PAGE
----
There is no doubt that the tent-dwelling Samoyedic people known as “Nenets” inhabited the Arctic region thousands of years ago. There is however a tradition that an enigmatic race known as “Sikhirtya” or “Sihirtia” or “Sirtia” existed prior to the advent of the Nenets.
According to Nenets tradition, Sihirtians had light-blue eyes, fair hair, and were quite small. They used canines and mammoths instead of deers for conveyance and lived underground during the day, emerging only at night or in the mist to hunt. The Sihirtians possessed preternatural abilities and were adept at blacksmithing, fishing, and hunting.
It is believed that Sihirtians were not endemic to the area; they arrived from Yamal thousands of years ago and ultimately spread their culture across the peninsula. In comparison to Nenets, they possessed superior expertise. The Sihirtians, unlike the Nenets, lived in dugouts with an entrance at the summit. According to the Nenets, the Sihirtians had underground storage facilities with rigorous entrance security.
Siberian people are known as the Nenets.
As the Nenets’ deer herd expanded, they required more verdant territory to sustain them. Competent as they were, Sihirtians lacked combat expertise, compelling them to forsake their clay dwellings and pasture their mammoths in dungeons.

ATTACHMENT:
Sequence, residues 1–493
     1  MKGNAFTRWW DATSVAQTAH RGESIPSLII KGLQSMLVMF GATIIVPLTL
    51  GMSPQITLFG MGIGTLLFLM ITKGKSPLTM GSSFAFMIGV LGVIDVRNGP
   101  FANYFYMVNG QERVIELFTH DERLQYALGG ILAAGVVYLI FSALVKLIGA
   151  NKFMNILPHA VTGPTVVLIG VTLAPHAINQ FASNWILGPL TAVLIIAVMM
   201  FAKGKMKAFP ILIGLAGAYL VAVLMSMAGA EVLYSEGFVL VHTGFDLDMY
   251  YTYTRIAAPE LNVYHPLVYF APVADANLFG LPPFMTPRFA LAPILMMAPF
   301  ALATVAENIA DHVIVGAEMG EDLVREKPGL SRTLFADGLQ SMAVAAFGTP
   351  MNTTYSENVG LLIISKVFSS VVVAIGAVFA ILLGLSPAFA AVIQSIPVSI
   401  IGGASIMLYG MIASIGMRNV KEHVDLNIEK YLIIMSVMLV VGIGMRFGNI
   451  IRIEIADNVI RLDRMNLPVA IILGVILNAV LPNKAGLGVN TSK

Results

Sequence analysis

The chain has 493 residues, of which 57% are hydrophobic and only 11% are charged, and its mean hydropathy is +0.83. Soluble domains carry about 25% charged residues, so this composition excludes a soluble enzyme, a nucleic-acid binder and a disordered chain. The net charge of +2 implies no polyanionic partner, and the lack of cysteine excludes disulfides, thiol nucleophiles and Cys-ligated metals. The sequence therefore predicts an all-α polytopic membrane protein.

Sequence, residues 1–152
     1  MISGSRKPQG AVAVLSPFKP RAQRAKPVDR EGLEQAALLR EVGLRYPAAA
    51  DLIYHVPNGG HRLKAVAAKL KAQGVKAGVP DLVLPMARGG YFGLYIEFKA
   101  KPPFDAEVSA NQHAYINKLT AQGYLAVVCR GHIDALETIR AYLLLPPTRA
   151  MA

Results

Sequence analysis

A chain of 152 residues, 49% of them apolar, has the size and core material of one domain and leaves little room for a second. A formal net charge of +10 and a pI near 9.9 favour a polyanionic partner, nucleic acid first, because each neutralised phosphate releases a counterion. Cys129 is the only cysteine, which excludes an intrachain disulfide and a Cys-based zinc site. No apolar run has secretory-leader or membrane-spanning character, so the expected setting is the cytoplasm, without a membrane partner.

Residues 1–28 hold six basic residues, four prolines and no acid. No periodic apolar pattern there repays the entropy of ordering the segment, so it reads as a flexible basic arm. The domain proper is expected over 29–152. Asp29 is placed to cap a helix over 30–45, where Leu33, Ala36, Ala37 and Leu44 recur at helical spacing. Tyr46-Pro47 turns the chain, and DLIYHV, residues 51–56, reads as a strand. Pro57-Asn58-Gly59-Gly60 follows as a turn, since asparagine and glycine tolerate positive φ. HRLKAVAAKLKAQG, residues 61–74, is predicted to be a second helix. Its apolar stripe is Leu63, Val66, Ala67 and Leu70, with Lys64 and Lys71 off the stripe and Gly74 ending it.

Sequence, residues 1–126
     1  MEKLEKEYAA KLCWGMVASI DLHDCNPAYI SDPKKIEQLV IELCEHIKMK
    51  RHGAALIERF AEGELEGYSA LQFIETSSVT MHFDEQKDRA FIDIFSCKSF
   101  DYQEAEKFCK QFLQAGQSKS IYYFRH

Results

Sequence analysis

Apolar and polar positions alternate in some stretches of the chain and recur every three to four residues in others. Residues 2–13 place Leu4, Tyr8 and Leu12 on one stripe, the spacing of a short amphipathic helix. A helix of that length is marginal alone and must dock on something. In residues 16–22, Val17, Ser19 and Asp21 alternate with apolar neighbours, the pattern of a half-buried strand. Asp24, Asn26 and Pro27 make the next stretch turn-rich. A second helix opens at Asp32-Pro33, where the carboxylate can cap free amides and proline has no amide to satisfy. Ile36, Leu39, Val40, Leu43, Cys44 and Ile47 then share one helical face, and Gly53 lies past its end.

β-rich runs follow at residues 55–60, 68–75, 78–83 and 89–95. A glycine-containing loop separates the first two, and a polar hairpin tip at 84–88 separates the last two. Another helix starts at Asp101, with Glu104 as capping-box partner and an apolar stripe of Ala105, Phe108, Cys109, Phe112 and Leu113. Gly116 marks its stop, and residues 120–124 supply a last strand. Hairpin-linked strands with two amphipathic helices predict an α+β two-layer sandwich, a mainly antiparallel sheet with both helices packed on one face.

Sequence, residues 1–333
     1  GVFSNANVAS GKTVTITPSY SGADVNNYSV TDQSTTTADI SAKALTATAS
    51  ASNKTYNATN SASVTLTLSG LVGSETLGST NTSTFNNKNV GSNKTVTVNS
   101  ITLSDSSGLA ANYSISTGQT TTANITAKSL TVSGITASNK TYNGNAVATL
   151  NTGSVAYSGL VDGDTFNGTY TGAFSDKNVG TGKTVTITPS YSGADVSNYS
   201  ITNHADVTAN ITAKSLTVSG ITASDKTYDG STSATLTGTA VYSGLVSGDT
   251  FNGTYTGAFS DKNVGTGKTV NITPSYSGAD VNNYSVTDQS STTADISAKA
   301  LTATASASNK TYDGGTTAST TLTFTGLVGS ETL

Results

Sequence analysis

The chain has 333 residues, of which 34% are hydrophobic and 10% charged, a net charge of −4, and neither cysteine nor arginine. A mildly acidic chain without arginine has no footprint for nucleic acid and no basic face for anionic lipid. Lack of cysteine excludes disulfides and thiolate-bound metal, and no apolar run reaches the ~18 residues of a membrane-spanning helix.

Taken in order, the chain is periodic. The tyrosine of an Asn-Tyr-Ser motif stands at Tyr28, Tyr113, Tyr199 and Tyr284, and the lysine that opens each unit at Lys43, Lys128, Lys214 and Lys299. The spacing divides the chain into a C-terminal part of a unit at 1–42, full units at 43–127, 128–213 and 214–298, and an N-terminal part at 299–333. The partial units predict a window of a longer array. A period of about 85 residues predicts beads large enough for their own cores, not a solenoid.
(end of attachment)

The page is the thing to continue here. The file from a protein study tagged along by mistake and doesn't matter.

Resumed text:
The inhabitants of Siberia are known as Nenets. During an archeology expedition in the Tazovsky peninsula in 2017, a young child’s grave was discovered; he died between the ages of three and seven in the late 15th or early 16th century. After excavating his tomb, a team of researchers headed by Alexander Tkachev of the Museum of Archaeology and Ethnography at Tyumen State University discovered a “elite” headpiece decorated with bronze decorations and iron bands.
This evidence allowed specialists to confirm that the grave belonged to the indigenous Sihirtian people. “We believed the cemetery was essentially deserted when we dug down, but we were surprised to find two blades. “We were astounded when we saw the fur and woolen parts, as well as the embellishments, and realized that it was a magnificent headdress,” Tkachev said.
Archaeologists have uncovered 4000-year-old bronze-age sites in the Arctic region. Metal pendants, carved tools, and ancient pottery from the non-Samoyed race were discovered. In his “Voyage des pais septentrionaux,” published in 1671, French explorer Pierre-Martin de la Martinierre identified Nenets as sorcerers.